Children who spend more time time glued to screens have different physical brain structures due to thinning of the cortex than children who spend less time using smart devices and video games, according to data from an ongoing study by the National Institutes of Health (NIH).
NIH researchers found that nine- and 10-year-old children who spent more than seven hours a day using such devices exhibited premature thinning of the cortex, the brain’s outermost layer, which affects memory, attention, perceptual awareness, thought, language and consciousness.
A 2014 study by researchers at McGill University of 188 children and adolescents was the first to reveal an association with cortical thickness and IQ increases. In general, the cortex begins to thin at the age of five or six. MRI scans of the participants’ brains revealed that over two years people with significant increases in IQ did not undergo the expected cortical thinning while people with significant decreases in IQ had significant cortical thinning. People who did not exhibit IQ changes underwent the expected cortical thinning.
“We don’t know if it’s being caused by the screen time. We don’t know yet if it’s a bad thing,” Gaya Dowling, an NIH doctor working on the project, said in a recent interview regarding the preliminary findings with the CBS news program “60 Minutes.”
“It won’t be until we follow them over time that we will see if there are outcomes that are associated with the differences that we’re seeing in this single snapshot.”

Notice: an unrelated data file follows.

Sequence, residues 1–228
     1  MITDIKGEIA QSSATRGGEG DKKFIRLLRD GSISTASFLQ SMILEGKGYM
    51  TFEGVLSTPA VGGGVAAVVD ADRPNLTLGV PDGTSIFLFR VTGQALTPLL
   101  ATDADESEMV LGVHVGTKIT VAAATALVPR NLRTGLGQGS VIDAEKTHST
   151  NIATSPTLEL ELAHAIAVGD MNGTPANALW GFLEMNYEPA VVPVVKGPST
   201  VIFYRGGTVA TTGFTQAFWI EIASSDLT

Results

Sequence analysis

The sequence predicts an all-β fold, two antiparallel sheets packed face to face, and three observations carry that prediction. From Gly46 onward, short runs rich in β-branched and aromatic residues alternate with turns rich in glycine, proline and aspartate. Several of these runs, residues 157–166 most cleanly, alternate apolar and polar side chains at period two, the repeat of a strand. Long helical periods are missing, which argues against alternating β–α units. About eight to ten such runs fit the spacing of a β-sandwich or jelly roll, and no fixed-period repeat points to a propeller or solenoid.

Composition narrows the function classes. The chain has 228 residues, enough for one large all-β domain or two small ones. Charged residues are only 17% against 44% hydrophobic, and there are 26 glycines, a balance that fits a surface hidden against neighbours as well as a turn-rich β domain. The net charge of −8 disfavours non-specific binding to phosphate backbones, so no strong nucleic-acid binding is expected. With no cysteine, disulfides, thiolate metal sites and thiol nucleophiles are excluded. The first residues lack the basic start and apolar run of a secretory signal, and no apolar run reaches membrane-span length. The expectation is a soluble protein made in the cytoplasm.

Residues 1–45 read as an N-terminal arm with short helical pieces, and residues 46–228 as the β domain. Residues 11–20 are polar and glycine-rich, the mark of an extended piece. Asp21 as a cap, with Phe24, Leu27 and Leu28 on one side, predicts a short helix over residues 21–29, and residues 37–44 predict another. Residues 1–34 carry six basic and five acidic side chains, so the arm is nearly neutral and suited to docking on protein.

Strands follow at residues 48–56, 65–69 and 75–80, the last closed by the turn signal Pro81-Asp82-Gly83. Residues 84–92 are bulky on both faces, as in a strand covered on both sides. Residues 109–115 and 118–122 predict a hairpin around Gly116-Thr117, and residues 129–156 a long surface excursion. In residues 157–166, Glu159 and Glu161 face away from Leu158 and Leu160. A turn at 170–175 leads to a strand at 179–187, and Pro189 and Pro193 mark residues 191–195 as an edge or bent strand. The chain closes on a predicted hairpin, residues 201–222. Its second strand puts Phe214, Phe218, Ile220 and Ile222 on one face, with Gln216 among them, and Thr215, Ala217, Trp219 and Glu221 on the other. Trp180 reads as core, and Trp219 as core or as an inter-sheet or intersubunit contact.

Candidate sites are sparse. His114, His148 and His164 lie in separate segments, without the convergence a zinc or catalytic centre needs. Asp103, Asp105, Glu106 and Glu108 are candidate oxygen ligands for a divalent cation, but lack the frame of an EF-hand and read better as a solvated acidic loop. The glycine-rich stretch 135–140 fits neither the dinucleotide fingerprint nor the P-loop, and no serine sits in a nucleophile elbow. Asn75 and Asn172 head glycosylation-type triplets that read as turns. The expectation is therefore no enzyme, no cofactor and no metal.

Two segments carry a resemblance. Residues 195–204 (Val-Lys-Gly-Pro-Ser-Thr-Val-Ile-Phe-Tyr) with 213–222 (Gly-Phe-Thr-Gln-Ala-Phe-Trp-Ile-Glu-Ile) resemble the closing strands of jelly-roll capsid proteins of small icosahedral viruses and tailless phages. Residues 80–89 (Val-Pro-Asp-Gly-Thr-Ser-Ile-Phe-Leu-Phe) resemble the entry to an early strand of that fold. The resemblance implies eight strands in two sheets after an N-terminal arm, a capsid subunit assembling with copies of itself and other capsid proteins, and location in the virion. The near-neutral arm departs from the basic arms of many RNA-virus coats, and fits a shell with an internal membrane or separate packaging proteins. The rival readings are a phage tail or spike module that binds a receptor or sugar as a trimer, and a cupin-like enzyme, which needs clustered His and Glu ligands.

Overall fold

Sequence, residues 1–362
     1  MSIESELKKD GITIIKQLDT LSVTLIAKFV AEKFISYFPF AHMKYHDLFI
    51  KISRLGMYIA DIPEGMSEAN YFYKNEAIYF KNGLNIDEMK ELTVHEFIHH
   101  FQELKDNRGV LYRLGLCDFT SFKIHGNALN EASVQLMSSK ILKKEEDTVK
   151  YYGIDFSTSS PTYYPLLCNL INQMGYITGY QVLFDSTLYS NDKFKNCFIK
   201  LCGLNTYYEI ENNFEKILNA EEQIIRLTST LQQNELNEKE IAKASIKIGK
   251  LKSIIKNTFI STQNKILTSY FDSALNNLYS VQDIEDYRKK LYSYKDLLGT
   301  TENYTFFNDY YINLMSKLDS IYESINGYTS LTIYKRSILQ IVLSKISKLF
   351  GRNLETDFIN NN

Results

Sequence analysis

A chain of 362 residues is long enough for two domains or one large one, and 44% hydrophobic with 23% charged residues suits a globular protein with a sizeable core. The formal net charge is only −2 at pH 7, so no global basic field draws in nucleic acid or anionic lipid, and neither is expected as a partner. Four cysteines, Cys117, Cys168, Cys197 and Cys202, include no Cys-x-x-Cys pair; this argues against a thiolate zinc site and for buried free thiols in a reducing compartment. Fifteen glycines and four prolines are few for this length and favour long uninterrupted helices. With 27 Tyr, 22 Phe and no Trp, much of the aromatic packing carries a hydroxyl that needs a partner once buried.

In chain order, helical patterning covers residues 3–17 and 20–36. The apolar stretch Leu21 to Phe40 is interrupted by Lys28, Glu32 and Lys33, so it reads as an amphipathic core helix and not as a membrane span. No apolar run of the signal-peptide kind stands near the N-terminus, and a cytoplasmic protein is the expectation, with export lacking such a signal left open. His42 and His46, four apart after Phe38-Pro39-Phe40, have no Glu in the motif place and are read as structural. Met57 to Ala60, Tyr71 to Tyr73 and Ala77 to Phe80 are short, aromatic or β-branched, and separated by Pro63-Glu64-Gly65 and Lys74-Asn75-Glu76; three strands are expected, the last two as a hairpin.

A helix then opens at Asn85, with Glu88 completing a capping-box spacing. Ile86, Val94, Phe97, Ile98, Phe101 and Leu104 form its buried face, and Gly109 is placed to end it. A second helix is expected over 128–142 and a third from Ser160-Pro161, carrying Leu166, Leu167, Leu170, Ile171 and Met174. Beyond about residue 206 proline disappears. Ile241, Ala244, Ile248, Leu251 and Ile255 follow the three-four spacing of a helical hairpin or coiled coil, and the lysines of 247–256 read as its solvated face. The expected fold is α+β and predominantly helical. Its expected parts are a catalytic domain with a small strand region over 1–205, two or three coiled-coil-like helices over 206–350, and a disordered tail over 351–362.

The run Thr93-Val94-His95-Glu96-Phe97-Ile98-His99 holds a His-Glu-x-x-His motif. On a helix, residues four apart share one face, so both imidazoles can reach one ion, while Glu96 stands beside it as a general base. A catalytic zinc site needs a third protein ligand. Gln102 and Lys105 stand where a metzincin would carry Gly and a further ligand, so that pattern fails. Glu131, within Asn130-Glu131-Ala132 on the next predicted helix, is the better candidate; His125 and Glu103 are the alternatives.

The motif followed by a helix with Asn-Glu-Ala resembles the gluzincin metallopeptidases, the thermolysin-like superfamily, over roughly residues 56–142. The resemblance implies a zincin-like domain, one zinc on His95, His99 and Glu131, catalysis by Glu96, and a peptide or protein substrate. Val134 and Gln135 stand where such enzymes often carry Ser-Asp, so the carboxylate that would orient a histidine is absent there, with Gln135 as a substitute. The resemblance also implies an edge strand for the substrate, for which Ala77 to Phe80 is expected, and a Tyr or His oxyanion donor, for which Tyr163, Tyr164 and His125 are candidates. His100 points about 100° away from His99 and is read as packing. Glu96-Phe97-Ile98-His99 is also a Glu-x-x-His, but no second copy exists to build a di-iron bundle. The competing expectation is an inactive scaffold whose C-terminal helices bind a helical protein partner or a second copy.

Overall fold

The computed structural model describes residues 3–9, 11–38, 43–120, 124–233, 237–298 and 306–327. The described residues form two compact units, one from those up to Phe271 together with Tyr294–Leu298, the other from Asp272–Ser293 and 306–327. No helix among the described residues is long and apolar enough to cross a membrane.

“What we can say is that this is what the brains look like of kids who spend a lot of time on screens. And it’s not just one pattern,” Dowling said.
The study, which scanned the brains of 4,500 children, also found that kids who spent more than two hours a day on screens scored worse on language and reasoning tests. The end goal of the study is to determine whether screen time is addictive by studying 11,000 children during the $300 million study. Data from the study will be released in 2019.
“In many ways, the concern that investigators like I have is, that we’re sort of in the midst of a natural kind of uncontrolled experiment on the next generation of children,” Dimitri Christakis, a pediatrician and epidemiologist at the University of Washington School of Medicine, told “60 Minutes.” Christakis also helped develop the current American Academy of Pediatrics’ guidelines on screen time.
According to those guidelines, children 24 months or younger should mostly stay away from screens, while children between the ages of two and five should limit screen time to one hour per day.
Christakis did not immediately respond Monday afternoon to Sputnik’s request for comment.
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